Races › Championship
25 Sep 2021
6 min read
Championship ○ Malibu
Malibu'21 ○ season’21
Flora Duffy stormed to victory at the Super League Triathlon Championship Series decider in Malibu, California, beating a stacked field of world champions to complete a memorable summer for the Bermudan triathlete.
Duffy, who became the Olympic champion in Tokyo in August, dominated the Eliminator showdown from the off, with the Bermudan’s win ensuring the second-place finisher Georgia Taylor-Brown was the overall series champion ahead of her British compatriot Jess Learmonth.
“It was my first Super League experience and I didn’t know what to expect,” said Duffy at the finish. “But I absolutely loved it. It helped coming in fresh, but the speed was a shock to my system. I grew up in Bermuda so I spent a lot of time in the ocean and I’m used to the surf, so I felt comfortable out there. Georgia is such a classy athlete and so talented and really turned it on during that last run.”
Following the dramatic Super League races in Jersey a week ago, Malibu, California, was the location for the fourth and final event in the 2021 Super League Triathlon Championship. The American state that created triathlon and remains a haunt of Hollywood royalty aptly saw plenty of triathlon star wattage on display, with Olympic champion Duffy and Britain’s recent Ironman 70.3 World Championship winner, Lucy Charles-Barclay, both on the starting line alongside Super League regulars Learmonth, Taylor-Brown and Katie Zafares, the latter having the advantage of racing on home soil.
Learmonth entered the race with three wins out of three in the 2021 Super League Championship, but with the entire women’s Tokyo Olympic Games podium plus Charles-Barclay all competing on the shores of Zuma Beach, how the $1.25m series’ prize purse was shared out would have many fascinating subplots.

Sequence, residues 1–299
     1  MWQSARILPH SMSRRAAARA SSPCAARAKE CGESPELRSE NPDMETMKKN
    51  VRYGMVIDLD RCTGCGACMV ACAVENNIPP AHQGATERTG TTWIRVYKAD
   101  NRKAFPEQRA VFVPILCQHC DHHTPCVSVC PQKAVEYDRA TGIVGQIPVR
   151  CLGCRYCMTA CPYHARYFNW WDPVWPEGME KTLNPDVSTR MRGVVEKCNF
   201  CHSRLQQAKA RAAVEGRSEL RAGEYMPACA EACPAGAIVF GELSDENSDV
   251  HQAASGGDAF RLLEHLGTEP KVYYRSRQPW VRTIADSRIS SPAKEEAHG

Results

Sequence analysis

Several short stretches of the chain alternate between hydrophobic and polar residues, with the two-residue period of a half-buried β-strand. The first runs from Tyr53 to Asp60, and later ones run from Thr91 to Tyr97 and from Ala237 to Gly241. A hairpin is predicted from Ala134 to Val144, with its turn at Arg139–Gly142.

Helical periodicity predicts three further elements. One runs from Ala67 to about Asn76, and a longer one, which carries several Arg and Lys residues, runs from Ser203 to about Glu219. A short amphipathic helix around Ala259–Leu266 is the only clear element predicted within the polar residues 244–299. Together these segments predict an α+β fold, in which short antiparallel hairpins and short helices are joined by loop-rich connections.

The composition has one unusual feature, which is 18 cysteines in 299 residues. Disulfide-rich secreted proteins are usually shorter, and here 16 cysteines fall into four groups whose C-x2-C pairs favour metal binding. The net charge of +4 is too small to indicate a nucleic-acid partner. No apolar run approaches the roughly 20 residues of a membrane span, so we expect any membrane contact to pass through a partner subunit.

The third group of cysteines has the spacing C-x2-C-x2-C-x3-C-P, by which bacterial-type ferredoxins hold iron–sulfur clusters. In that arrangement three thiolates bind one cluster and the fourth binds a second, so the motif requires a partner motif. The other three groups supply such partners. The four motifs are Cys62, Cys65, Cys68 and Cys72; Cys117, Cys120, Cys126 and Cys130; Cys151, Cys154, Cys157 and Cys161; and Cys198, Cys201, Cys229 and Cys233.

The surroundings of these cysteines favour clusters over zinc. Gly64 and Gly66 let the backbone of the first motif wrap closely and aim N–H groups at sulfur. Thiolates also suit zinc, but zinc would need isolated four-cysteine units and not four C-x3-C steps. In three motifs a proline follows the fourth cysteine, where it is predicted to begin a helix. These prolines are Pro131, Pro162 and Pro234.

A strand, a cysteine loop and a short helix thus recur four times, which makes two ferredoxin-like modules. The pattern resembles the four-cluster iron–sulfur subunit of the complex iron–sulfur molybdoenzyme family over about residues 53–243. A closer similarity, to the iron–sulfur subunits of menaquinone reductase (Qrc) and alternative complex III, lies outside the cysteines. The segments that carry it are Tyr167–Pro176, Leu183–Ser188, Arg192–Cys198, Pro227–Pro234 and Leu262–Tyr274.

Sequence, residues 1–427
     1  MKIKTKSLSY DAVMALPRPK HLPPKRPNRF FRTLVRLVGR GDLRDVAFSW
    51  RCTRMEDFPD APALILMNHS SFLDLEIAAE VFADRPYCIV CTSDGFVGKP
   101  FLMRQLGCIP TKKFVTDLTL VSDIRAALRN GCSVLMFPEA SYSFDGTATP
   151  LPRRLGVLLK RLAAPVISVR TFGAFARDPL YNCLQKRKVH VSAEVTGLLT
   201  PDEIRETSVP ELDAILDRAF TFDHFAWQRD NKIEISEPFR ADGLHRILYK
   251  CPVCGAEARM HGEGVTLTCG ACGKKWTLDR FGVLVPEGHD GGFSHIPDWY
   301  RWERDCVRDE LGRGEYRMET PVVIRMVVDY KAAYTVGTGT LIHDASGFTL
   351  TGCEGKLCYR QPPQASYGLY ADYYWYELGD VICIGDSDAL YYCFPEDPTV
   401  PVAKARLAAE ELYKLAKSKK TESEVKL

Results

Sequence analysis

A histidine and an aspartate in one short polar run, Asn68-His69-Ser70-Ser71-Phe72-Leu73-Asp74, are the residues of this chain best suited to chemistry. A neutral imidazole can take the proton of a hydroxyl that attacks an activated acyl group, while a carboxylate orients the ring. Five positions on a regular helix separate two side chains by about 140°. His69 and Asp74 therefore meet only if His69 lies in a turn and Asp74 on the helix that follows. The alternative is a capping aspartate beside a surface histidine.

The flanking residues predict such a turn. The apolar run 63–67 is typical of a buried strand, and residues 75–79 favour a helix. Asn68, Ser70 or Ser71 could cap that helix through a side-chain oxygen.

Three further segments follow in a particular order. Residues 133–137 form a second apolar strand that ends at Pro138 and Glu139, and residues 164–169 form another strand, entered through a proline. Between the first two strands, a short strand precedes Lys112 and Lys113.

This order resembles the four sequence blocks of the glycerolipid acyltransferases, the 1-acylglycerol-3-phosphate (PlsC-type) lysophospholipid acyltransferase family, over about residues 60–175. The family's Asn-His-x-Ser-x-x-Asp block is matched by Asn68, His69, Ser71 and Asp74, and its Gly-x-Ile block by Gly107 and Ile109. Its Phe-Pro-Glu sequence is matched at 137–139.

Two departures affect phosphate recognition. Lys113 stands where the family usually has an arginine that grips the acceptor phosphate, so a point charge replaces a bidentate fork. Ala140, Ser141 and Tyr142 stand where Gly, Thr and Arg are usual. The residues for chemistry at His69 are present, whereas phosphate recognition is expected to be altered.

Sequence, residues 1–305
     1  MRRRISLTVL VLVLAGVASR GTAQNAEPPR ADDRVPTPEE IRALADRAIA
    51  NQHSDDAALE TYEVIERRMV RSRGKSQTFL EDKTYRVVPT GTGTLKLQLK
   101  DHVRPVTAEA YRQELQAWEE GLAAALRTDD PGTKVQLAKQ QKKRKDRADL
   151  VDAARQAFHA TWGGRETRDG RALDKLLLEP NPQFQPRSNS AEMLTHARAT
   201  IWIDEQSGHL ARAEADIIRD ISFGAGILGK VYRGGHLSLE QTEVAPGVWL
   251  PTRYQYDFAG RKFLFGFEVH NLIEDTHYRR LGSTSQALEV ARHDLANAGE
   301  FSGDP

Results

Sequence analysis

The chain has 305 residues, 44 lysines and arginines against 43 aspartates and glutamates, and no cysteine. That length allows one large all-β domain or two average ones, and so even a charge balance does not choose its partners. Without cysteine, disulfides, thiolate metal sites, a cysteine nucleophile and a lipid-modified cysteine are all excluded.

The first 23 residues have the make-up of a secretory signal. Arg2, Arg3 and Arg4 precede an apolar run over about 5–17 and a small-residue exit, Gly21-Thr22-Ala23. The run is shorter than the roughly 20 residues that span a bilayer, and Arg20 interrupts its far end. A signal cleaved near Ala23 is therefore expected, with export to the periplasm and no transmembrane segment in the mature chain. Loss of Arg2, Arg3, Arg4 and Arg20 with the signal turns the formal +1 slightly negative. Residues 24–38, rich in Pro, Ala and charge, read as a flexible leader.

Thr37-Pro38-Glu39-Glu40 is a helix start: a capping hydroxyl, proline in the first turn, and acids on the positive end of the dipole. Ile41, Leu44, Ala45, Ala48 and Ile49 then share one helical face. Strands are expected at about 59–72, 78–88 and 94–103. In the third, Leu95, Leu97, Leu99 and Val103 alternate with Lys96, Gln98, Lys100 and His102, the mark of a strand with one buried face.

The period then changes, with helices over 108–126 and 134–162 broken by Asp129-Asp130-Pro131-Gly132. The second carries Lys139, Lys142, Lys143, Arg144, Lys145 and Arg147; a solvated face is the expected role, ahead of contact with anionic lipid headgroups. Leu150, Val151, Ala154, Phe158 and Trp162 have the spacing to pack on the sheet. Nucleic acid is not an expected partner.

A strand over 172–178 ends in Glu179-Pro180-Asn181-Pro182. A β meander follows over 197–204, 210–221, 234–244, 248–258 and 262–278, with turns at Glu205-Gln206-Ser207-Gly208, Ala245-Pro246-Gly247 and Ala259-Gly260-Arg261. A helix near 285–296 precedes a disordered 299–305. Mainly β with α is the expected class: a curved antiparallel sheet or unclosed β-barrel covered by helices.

Following London’s Triple Mix, Munich’s Equaliser and Jersey’s Enduro, the Malibu event witnessed the Super League’s original Eliminator format come into play for an unrivalled athletic test of resilience, stamina and velocity.
That format would see a choppy swim in the Pacific Ocean of 300m before a 4km bike leg and 1.6km run, with each race, performed three times with only a short break between the events for the athletes to reset their equipment and hope to catch their breath.
A non-wetsuit battle between arguably the best two swimmers in triathlon, Brits Jess Learmonth and Lucy Charles-Barclay, was one of the hotly anticipated battles of Super League Malibu. And it would be the 2021 Ironman 70.3 world champ Charles-Barclay who’d lead the pack in surf-like conditions and exit the ocean onto the dark sands of Malibu in first ahead of Brazil’s rising star Vittoria Lopes and Duffy, with Learmonth some 5.7secs back. Lopes’ second-place finish in the swim saw her take a $20,000 cheque home for being the best female swimmer of the series.
Charles-Barclay crashed into the railing exiting T1 and Duffy took advantage, pushing ahead of Charles-Barclay with Learmonth and Lopes in close pursuit and happy to draft on the Olympic champion’s wheel. The tight, technical circuit was causing problems for long-course star Charles-Barclay, but Duffy – an experienced multi-race winning ITU and off-road triathlon athlete – was in her element on her Super League debut. The Bermudan would scoop the Short Chute by being first athlete to cross the T2 mount line ahead of Learmonth, with the chasing field already 15secs in arrears.